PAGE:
Kaplan has been responsible for numerous collaborations with organizations and universities throughout the United States. Colleagues from prominent American universities have counseled Israeli staff in areas such as Title IX, security, student life and diversity issues. Some 30 faculty-led programs have been tailored to the needs of American institutions. Joint programs have been run with dozens of universities. Through these projects, Yoni has been in close contact with university leaders from around the country.
As the senior administrator of international programs at a prominent university abroad, Yoni is thoroughly familiar with both sides of the education abroad divide: the workings and concerns of American universities as well as the issues and challenges faced by host institutions overseas. From this vantage point, he is ideally positioned to understand changing university strategies and trends while at the same time paying attention to the minute details that make an international study experience safe and successful.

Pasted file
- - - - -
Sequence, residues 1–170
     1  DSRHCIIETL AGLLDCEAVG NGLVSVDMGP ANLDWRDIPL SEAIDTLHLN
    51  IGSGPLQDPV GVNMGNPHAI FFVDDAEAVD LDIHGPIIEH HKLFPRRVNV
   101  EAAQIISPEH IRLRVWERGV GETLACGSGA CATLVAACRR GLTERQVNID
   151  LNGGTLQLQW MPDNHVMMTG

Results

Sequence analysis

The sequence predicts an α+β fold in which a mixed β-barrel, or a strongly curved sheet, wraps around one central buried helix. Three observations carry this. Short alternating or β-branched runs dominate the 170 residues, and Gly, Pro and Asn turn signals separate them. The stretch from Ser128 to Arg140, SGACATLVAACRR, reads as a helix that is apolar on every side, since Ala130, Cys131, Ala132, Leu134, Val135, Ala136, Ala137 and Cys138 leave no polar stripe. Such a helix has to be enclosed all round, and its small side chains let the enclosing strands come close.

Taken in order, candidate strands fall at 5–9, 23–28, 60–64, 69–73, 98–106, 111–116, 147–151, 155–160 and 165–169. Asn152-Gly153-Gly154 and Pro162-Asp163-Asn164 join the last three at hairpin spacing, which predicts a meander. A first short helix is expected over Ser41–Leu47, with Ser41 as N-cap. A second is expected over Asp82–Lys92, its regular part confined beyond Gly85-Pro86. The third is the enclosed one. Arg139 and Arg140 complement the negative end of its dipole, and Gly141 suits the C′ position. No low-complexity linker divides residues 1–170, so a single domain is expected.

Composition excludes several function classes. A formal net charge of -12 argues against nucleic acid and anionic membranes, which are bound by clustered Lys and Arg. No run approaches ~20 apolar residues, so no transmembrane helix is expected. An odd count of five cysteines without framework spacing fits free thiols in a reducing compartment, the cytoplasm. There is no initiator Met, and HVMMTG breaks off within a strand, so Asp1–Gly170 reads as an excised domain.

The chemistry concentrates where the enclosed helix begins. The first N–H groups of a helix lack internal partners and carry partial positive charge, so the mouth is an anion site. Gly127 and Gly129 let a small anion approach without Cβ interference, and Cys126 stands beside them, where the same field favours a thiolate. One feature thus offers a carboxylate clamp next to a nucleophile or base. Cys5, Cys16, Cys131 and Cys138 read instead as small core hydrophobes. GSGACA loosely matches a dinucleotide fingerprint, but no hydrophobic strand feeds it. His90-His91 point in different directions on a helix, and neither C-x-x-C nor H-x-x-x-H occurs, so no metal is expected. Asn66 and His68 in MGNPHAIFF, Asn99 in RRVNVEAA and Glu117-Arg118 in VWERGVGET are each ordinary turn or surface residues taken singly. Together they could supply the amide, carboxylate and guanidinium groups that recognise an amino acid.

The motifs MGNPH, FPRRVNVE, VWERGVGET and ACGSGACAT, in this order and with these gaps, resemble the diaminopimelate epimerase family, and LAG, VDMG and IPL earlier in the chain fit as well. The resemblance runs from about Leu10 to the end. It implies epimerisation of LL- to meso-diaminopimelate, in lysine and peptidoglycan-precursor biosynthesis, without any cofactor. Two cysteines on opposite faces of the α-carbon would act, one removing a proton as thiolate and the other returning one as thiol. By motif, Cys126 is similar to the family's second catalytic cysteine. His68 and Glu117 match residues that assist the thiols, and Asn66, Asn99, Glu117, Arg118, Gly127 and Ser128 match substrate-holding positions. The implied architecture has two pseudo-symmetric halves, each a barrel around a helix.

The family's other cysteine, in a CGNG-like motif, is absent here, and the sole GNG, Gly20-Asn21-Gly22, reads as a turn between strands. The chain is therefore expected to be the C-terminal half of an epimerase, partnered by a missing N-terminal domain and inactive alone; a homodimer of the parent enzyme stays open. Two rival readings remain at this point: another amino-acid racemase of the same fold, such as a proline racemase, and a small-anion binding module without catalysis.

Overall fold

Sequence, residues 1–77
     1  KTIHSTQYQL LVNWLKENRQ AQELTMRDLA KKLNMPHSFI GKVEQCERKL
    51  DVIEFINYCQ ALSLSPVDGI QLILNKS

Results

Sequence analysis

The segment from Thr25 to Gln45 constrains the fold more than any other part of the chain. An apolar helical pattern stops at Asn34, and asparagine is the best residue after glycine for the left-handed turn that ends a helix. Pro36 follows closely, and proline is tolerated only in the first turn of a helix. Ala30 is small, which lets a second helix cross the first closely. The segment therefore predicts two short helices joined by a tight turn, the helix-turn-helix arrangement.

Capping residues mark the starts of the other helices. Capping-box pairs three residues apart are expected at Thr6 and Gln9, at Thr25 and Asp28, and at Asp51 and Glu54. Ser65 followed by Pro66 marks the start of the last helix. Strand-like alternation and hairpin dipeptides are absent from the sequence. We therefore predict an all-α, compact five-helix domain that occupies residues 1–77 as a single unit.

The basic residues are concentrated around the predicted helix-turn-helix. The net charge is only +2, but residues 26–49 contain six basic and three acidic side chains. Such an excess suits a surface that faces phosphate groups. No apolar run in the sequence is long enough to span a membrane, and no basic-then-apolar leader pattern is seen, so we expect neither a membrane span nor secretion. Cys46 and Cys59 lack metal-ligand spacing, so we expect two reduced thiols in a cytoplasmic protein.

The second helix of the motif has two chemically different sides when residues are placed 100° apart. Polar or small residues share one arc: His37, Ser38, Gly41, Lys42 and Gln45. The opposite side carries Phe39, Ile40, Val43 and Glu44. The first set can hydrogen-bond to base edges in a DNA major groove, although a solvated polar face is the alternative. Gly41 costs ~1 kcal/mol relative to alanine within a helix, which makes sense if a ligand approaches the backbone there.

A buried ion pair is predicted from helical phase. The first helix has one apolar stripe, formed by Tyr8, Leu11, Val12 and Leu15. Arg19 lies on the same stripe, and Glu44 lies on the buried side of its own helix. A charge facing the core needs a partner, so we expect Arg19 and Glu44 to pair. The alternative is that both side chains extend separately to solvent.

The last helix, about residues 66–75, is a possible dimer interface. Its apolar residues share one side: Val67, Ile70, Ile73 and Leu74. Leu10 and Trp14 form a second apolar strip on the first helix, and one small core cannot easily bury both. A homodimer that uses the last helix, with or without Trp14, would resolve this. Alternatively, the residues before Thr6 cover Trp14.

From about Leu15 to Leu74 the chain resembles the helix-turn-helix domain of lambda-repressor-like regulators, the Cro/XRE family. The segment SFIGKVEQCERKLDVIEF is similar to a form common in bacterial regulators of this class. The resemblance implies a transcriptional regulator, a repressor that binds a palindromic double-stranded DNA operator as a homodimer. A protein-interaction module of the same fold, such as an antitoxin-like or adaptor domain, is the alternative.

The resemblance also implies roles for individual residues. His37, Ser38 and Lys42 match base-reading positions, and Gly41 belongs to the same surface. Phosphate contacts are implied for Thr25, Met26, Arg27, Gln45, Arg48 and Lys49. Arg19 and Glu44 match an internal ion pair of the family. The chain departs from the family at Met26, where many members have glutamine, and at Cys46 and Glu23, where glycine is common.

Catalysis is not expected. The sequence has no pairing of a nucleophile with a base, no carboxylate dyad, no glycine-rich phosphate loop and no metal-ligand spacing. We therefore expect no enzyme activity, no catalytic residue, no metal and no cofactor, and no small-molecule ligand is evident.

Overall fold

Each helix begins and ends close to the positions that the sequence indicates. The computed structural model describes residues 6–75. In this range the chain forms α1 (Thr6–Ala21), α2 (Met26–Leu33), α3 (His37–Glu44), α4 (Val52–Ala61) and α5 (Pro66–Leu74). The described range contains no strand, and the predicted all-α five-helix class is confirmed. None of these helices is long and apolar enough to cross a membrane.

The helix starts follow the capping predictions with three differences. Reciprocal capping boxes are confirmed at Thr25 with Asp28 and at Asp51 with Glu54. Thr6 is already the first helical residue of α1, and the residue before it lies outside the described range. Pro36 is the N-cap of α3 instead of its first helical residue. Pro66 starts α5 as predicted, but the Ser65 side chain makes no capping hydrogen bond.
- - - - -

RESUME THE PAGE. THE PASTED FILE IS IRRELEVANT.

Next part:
Yoni would like to contribute to the strengthening of an international perspective in The Forum’s work. As North American universities take an increasingly active role in their students’ study abroad experiences—academically and administratively—there is a greater need to understand and define the connection between home universities and those institutions that host students abroad. There may be a need for alignment in areas such as Title IX, diversity and inclusion, student safety and academic reporting. This could include services for institutions abroad that seek to better understand the needs of North American schools and wish to comply with their expectations through easily accessible training sessions, and could lead to the broader certification program specifically for foreign institutions. The promotion of The Forum among international institutions could also advance this goal. A second and related issue has to do with incoming international students. How can universities develop the competence and cultural sensitivity not only to send their students abroad, but also to receive and support students from other cultures and societies? What should be the interaction between incoming and outgoing students, in order to maximize the experience of each? A third issue of major concern today is safety and security, and Kaplan’s experience in the planning and operation of programs in conflicted areas could be of benefit to The Forum. For these reasons Yoni would be most interested in joining the Standards Committee.